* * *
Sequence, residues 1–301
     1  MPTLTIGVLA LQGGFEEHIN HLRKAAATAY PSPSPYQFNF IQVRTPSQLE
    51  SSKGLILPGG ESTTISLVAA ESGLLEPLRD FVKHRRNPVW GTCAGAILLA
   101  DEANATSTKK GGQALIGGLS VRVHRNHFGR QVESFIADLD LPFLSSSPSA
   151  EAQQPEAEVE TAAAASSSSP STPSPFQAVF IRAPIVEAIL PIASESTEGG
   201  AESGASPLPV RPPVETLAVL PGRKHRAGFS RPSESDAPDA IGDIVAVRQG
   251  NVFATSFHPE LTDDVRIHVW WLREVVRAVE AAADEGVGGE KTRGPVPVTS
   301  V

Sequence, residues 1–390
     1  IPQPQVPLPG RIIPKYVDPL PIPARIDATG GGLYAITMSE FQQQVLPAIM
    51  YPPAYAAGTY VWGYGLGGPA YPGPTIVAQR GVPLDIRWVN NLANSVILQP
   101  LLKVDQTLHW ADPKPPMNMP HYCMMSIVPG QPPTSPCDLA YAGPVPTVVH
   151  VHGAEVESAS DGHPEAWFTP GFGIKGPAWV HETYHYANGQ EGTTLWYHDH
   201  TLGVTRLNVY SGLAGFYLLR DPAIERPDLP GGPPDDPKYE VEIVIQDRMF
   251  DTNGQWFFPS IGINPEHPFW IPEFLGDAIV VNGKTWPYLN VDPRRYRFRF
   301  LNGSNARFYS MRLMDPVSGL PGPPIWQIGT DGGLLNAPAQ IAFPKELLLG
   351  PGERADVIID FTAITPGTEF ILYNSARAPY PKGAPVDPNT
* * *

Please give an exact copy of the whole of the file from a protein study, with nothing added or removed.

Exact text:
Sequence, residues 1–301
     1  MPTLTIGVLA LQGGFEEHIN HLRKAAATAY PSPSPYQFNF IQVRTPSQLE
    51  SSKGLILPGG ESTTISLVAA ESGLLEPLRD FVKHRRNPVW GTCAGAILLA
   101  DEANATSTKK GGQALIGGLS VRVHRNHFGR QVESFIADLD LPFLSSSPSA
   151  EAQQPEAEVE TAAAASSSSP STPSPFQAVF IRAPIVEAIL PIASESTEGG
   201  AESGASPLPV RPPVETLAVL PGRKHRAGFS RPSESDAPDA IGDIVAVRQG
   251  NVFATSFHPE LTDDVRIHVW WLREVVRAVE AAADEGVGGE KTRGPVPVTS
   301  V

Sequence, residues 1–390
     1  IPQPQVPLPG RIIPKYVDPL PIPARIDATG GGLYAITMSE FQQQVLPAIM
    51  YPPAYAAGTY VWGYGLGGPA YPGPTIVAQR GVPLDIRWVN NLANSVILQP
   101  LLKVDQTLHW ADPKPPMNMP HYCMMSIVPG QPPTSPCDLA YAGPVPTVVH
   151  VHGAEVESAS DGHPEAWFTP GFGIKGPAWV HETYHYANGQ EGTTLWYHDH
   201  TLGVTRLNVY SGLAGFYLLR DPAIERPDLP GGPPDDPKYE VEIVIQDRMF
   251  DTNGQWFFPS IGINPEHPFW IPEFLGDAIV VNGKTWPYLN VDPRRYRFRF
   301  LNGSNARFYS MRLMDPVSGL PGPPIWQIGT DGGLLNAPAQ IAFPKELLLG
   351  PGERADVIID FTAITPGTEF ILYNSARAPY PKGAPVDPNT